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Jim Stark

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(no subject) [Jan. 27th, 2008|08:54 pm]
Jim Stark
Best Male Actor in a comedy: Alec Baldwin, 30 Rock!


Best Female Actor in a comedy: Tina Fey, 30 Rock!

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To Nathan. [Dec. 24th, 2007|05:58 am]
Jim Stark

It's so funny. We didn't even hang out, like, at all in the past month or so, yet I still feel like I'm losing a really big part of me. These feelings are so overtly conflicted for numerous reasons. The first being, why should I miss you this much when you weren't even that much a part of my recent life? Still, you were there. If I needed you, you were there. I had that available to me. I felt like we were always waiting to REALLY be best friends, like waiting for the time, even though we kind of were. The second reason being, that you're just moving to Chicago. It's not some other world, and tickets are cheap, but I don't know, I feel really empty tonight, really lonely, and I know It's the culmination of various things, but nonetheless you leaving has affected that greatly.

I remember watching Garden State, when Andrew Largeman says, "You know that point in your life when you realize that the house that you grew up in isn't really your home anymore? All of the sudden even though you have some place where you can put your stuff that idea of home is gone." I really felt like that tonight; I feel like I'm losing a great many people who are close to me, and that I have so few actual, genuine connections anymore. Like I was in this large huddle, right in the center, then everyone dispersed, but I had no idea which way to go, so I just remained there. And here I am.

Either way, this has certainly become more about me than you it would seem, and I'm sorry for that. I guess you just being there, in Tampa, was a comfort for me. I always knew you would be there to talk about G.I Joe, or Transformers, or movies, or whatever. I guess we both kind of took that for granted.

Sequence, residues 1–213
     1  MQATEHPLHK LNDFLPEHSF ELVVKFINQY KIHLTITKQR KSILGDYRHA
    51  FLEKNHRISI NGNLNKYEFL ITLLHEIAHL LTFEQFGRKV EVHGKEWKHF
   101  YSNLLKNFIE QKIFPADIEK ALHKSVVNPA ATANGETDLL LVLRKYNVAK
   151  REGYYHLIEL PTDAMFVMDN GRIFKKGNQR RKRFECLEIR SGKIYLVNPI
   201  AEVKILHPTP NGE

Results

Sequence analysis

I love you, buddy. You're my brother. Think of a time for me to visit, and I'll make it. Keep the Head Project alive. Keep me on staff. Keep me in the know. Let's be more involved now than we were. I wish you nothing but the best.

I had all these things I wanted to say, to write, and now, It's seemingly vanished. I'm sure we'll get some sort of real time comment conversation going though, so I guess just get a hold of me when you get there so I know you're safe.

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(no subject) [Nov. 28th, 2007|04:10 am]
Jim Stark
Dear human race,

Please stop spelling "definitely," "definately."

It's not so hard as to be so consistently misspelled. Just think of "finite." There are no a's welcome here.


PS. Posting in Livejournal is liberating.
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(no subject) [Jul. 18th, 2007|07:17 pm]
Jim Stark
blah blah blah
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(no subject) [Jan. 18th, 2006|11:29 pm]
Jim Stark
On the matter of comics.

So this thing, this A Coming of Age (which happens to be the title of the book I was writing) thing, apparently Jeff and I have gone our separate ways, much to my regret. I wish it wasn't so to be quite honest, however I don't see much of a way to have avoided it; I believe I wrote and prodded him ad nauseam, yet to no avail. He seemed unmotivated, and I don't fault him for that, but as I said to him, it's not the place I'd like to be in right now. He told me once that he would have liked to have the first issue done by the end of October, yet it wasn't until mid November that I even saw a rough sketch of the first page. Granted I liked what I saw, but I related the fact that if we were to ever turn this, or any project, into something serious we would have deadlines and editors to answer to, and the kind of haphazard attitude he was showing wasn't what I went into this looking for.